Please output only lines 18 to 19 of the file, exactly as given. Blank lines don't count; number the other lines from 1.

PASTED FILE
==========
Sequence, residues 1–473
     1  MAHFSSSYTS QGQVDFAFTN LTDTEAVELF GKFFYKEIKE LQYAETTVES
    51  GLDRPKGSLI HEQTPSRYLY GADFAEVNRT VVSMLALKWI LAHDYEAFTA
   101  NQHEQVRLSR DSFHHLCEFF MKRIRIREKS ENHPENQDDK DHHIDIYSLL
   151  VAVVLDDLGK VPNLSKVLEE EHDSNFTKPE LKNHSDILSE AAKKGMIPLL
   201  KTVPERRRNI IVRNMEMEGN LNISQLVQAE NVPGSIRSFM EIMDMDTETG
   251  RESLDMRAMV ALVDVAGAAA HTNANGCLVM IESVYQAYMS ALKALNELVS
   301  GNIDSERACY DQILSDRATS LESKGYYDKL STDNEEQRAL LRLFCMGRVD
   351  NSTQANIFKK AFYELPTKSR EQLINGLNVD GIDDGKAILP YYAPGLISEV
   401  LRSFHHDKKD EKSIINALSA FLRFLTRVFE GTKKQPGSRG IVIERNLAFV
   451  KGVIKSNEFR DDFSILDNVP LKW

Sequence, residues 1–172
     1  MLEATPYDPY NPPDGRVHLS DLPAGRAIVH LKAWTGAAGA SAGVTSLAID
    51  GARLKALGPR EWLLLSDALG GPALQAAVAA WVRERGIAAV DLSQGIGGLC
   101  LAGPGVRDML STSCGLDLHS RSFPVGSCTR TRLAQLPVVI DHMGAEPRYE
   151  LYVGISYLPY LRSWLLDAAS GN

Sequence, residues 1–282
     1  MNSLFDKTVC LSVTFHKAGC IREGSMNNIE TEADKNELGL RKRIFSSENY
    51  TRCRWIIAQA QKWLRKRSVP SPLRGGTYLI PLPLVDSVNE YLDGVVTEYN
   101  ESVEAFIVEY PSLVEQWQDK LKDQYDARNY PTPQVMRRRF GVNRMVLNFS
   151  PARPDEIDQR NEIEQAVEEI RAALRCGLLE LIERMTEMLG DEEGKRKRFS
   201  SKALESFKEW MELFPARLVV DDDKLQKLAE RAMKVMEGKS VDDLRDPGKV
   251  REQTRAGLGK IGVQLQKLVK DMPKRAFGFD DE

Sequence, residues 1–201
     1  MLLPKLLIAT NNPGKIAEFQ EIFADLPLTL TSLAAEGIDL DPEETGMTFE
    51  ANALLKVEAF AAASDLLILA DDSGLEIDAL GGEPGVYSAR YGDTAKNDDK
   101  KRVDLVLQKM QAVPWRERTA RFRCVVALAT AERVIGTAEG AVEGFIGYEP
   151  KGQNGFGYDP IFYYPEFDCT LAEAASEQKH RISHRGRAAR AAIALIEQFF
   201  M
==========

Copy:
     1  MNSLFDKTVC LSVTFHKAGC IREGSMNNIE TEADKNELGL RKRIFSSENY
    51  TRCRWIIAQA QKWLRKRSVP SPLRGGTYLI PLPLVDSVNE YLDGVVTEYN